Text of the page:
Chamber Communique: The Ashland Chamber — Did you know?

The Ashland Chamber promotes tourism, creates and produces events, maintains strong community partnerships and collaboratively solves problems through strong community leadership. It is a membership organization with more than 700 hundred business, nonprofit and community members. The Ashland Chamber has a long history in the community and here are some fun facts you might not have known about the organization.

Did you know?

• The Ashland Chamber of Commerce was formerly the Ashland Board of Trade and then the Ashland Commercial Club. It was formed in 1889. It was reorganized to become the Ashland Chamber of Commerce in 1919.

• The then-Ashland Board of Trade met with the Mayor and City Council in 1891 to petition to reserve the Ashland Watershed. President Cleveland then requested that a forest reserve be set aside on Ashland Creek to protect Ashland’s water supply. The official proclamation came in 1893 with express purpose to protect the Ashland watershed.
• The president of the Ashland Commercial Club orchestrated the protection of “Ashland Canyon Park.” He shared this vision with the Ashland Woman’s Civic Improvement Club to create a grand park in Ashland. Though met with some political resistance, the Commercial Club and Woman’s Civic Improvement Club collected signatures and placed their proposal on the December 1908 ballot where the measure passed.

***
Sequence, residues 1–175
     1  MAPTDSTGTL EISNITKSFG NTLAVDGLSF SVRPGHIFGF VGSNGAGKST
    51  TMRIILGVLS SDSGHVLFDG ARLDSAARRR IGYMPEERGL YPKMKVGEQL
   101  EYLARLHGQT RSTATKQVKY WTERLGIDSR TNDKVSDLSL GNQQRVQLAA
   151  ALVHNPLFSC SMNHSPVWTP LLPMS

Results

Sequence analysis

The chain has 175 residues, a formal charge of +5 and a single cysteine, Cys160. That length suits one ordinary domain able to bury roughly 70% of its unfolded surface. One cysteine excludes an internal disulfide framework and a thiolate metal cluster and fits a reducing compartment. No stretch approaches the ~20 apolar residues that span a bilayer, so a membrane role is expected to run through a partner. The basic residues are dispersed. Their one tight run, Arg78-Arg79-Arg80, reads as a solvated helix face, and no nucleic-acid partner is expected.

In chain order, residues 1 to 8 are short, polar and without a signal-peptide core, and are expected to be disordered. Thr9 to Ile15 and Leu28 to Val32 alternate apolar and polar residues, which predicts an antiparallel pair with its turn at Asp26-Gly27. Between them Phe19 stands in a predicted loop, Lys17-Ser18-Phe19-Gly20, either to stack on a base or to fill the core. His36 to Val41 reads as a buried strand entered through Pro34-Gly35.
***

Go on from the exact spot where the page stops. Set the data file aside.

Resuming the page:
• The Ashland Chamber has been creating promotional campaigns and literature since the early 1900s. The first two campaigns were “Where the Palm and the Pine Meet” and “Ashland Grows while Lithia Flows.”

• The Ashland Chamber formally operates the Ashland Visitor and Convention Bureau (dba Travel Ashland) with the grant from the city of Ashland. This grant was first established in 1982. Travel Ashland’s advisory committee includes representatives from each of the tourism industries.

• The chamber produces the largest community events and has been doing so since as far back as the 1880s. The early 4th of July Celebrations included a parade and a horse race down East Main Street which was, at the time, a dirt road.

• In the 1950s, Ashland Chamber presidents and board members advocated for downtown beautification, which included “clean-up” campaigns and the first planting of the trees that line East Main Street.

• The Ashland chamber leadership includes a 12-person, member-elected volunteer Board of Directors from varying industries. There is also a six-person staff.

The Ashland Chamber’s history is rich with community involvement and business development. Business people working through the chamber in large and small ways have provided the leadership to help guide major efforts whose legacy we benefit from today in the community we love.
— Excerpted from the Ashland Chamber’s Living & Doing Business Guide. For more information, go to www.ashlandchamber.com, call 541-482-3486 or stop by the office at 110 East Main St.

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